Academic journal article Harvard Law Review

Administrative Law - Appointments Clause - D.C. Circuit Holds That the SEC Chairman Is Not the "Head" of the SEC

Academic journal article Harvard Law Review

Administrative Law - Appointments Clause - D.C. Circuit Holds That the SEC Chairman Is Not the "Head" of the SEC

Article excerpt

ADMINISTRATIVE LAW--APPOINTMENTS CLAUSE--D.C. CIRCUIT HOLDS THAT THE SEC CHAIRMAN IS NOT THE "HEAD" OF THE SEC.--Free Enterprise Fund v. Public Co. Accounting Oversight Board, 537 F.3d 667 (D.C. Cir. 2008), cert. granted, 77 U.S.L.W. 3431 (U.S. May 18, 2009) (No. 08-861).

The Appointments Clause of the Constitution grants the President the sole power to appoint officers of the United States with the advice and consent of the Senate. (1) But there is an exception for so-called "inferior Officers," whose appointment Congress may vest in "Heads of Departments." (2) Although there has been much litigation trying to distinguish inferior from principal officers, (3) the definition of "Heads of Departments" has received much less attention. Recently, in Free Enterprise Fund v. Public Co. Accounting Oversight Board, (4) the D.C. Circuit upheld the constitutionality of the Sarbanes-Oxley Act of 2002 (5) against a facial challenge that it violated the Appointments Clause and separation of powers principles. (6) In rejecting the Appointments Clause challenge, the D.C. Circuit held that the Chairman of the Securities and Exchange Commission (SEC) is not the "Head" of the SEC for Appointments Clause purposes. (7) But a contextual analysis of the Chairman's powers shows otherwise, and the majority's holding undermines the purposes of the Appointments Clause by diffusing appointment power to the less politically accountable multimember Commission.

In the wake of the Enron and WorldCom accounting scandals, Congress passed the Sarbanes-Oxley Act to improve the regulation of accounting firms. (8) The Act created a Public Company Accounting Oversight Board with the power to supervise and sanction accounting companies. (9) The five SEC commissioners oversee the Board (10) and collectively appoint the Board's five members, (11) who are removable by the Commission "for good cause shown." (12) Commission members are themselves appointed by the President with the advice and consent of the Senate (13) and can only be removed by the President for cause. (14)

The Free Enterprise Fund, a public interest organization, and Beckstead & Watts, an accounting firm, filed a complaint in the U.S. District Court for the District of Columbia alleging that the creation of the Board violated the nondelegation doctrine, the Appointments Clause, and separation of powers principles. (15) The district court awarded summary judgment to the Board on all counts. (16)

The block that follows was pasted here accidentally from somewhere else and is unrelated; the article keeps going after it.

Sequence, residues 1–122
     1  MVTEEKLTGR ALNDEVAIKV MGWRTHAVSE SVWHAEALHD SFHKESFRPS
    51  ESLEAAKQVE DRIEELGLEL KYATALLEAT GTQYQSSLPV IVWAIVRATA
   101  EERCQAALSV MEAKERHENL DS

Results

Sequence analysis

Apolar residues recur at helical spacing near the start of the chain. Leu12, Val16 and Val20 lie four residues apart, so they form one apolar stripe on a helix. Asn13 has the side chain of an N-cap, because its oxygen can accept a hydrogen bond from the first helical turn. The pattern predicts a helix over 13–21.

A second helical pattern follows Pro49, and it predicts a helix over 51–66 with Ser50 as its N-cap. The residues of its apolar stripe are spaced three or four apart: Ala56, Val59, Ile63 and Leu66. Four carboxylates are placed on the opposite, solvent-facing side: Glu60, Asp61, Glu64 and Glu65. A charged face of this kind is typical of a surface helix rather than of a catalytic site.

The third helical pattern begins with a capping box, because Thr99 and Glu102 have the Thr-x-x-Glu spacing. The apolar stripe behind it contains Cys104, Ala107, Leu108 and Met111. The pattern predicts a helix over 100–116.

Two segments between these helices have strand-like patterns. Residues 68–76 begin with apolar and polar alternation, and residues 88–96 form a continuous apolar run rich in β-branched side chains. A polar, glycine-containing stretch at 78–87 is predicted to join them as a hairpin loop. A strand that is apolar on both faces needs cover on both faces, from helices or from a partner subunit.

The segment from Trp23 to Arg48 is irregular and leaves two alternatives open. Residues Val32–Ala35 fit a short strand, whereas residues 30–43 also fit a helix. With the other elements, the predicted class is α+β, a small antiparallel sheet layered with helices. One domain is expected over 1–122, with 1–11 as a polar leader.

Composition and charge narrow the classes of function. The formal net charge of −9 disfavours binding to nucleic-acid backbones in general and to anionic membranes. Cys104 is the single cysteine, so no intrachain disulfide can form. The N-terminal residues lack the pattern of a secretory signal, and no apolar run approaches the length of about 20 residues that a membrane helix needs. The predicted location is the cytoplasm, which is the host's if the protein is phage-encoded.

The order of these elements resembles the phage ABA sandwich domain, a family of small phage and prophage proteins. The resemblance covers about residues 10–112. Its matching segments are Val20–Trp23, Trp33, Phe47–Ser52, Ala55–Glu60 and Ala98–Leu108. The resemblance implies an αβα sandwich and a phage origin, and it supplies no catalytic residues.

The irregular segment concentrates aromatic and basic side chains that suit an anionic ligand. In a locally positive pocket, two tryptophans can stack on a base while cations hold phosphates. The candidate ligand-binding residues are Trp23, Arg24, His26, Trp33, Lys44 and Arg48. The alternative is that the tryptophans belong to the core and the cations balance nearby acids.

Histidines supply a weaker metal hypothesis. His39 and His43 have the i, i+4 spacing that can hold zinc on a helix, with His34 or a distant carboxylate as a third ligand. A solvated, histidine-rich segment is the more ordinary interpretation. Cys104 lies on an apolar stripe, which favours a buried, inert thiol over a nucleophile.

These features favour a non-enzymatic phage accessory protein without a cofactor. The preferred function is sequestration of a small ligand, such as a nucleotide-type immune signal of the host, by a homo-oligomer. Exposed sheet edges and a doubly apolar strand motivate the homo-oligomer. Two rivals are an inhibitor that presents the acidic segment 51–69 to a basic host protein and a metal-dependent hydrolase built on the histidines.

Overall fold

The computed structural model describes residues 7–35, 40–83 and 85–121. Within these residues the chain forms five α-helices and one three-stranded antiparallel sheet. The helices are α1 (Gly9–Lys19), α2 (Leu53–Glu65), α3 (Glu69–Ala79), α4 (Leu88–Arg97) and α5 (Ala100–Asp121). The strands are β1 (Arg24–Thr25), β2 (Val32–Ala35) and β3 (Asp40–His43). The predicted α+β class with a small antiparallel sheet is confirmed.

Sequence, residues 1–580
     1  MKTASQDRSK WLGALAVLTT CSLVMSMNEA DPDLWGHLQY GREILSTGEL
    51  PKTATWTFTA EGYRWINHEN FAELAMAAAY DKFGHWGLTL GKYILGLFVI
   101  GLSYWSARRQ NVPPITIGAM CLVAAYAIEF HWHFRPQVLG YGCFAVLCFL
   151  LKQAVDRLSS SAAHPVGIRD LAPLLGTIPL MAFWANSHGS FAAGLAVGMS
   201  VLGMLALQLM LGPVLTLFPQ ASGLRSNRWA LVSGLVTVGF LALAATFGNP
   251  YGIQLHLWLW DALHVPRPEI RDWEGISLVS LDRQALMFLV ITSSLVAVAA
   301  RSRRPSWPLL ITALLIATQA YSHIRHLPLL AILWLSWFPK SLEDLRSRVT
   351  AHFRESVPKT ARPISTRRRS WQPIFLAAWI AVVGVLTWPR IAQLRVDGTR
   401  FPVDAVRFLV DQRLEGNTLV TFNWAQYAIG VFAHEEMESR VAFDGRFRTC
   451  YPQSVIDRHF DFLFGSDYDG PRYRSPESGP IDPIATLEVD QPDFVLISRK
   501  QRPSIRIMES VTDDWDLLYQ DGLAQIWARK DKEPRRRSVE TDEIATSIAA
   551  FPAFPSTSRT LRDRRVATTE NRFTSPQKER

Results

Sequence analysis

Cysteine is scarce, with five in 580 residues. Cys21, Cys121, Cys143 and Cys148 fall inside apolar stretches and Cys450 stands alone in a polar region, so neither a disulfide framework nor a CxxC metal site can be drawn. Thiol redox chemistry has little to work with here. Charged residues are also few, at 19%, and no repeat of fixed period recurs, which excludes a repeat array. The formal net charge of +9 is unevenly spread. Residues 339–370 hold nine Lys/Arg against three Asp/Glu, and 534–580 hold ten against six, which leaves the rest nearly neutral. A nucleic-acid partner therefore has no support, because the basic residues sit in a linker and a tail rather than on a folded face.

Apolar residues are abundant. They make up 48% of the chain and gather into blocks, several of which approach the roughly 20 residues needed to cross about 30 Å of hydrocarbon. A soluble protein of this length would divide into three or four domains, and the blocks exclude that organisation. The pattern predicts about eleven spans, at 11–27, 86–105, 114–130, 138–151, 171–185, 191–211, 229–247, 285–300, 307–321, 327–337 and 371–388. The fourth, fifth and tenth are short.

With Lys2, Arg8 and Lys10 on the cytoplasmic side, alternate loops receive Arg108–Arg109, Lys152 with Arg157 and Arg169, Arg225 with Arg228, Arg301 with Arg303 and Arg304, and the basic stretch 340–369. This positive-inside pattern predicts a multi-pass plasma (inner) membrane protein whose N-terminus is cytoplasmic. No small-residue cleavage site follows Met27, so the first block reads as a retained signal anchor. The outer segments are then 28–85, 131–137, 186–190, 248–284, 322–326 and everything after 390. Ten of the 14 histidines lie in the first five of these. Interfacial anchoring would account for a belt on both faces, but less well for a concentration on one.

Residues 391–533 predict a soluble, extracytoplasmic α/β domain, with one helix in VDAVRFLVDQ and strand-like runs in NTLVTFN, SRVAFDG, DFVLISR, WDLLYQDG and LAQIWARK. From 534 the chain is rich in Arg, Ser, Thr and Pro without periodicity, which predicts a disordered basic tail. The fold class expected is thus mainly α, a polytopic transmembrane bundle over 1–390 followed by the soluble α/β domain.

The plaintiffs claimed that Board members were principal, not inferior, officers under the Appointments Clause, and could therefore only be appointed by the President. (17) Because it allowed the Commission to appoint the Board's members, the Act was facially unconstitutional. The district court disagreed, holding that Board members were inferior officers because they were subject to oversight and removal by the Commission. (18) The plaintiffs argued in the alternative that the SEC could not be vested with appointment power because it was not a "Department" under the Appointments Clause, and even if it was a department, the Chairman and not the multimember Commission was the "Head." (19) The district court disagreed in part, holding that the SEC was a department, but agreed with the plaintiffs that only the SEC Chairman, and not the Commission, was the head with the power to appoint inferior officers. (20) But since the Chairman had voted for each of the Board members, the district court held that the plaintiffs lacked standing to pursue this claim. (21)

The plaintiffs also argued that the Board violated separation of powers principles. Given the Board's ability to exercise "wide-ranging, core executive power," the plaintiffs maintained that the Act unconstitutionally "undermines the President's ability to perform his constitutional duties" (22) due to the Act's "double for-cause limitation on removal." (23) This limitation means the President's ability to influence the Board through removal is separated by two levels: the President can only remove Commission members for cause, and the Commission members can only remove Board members for cause. …

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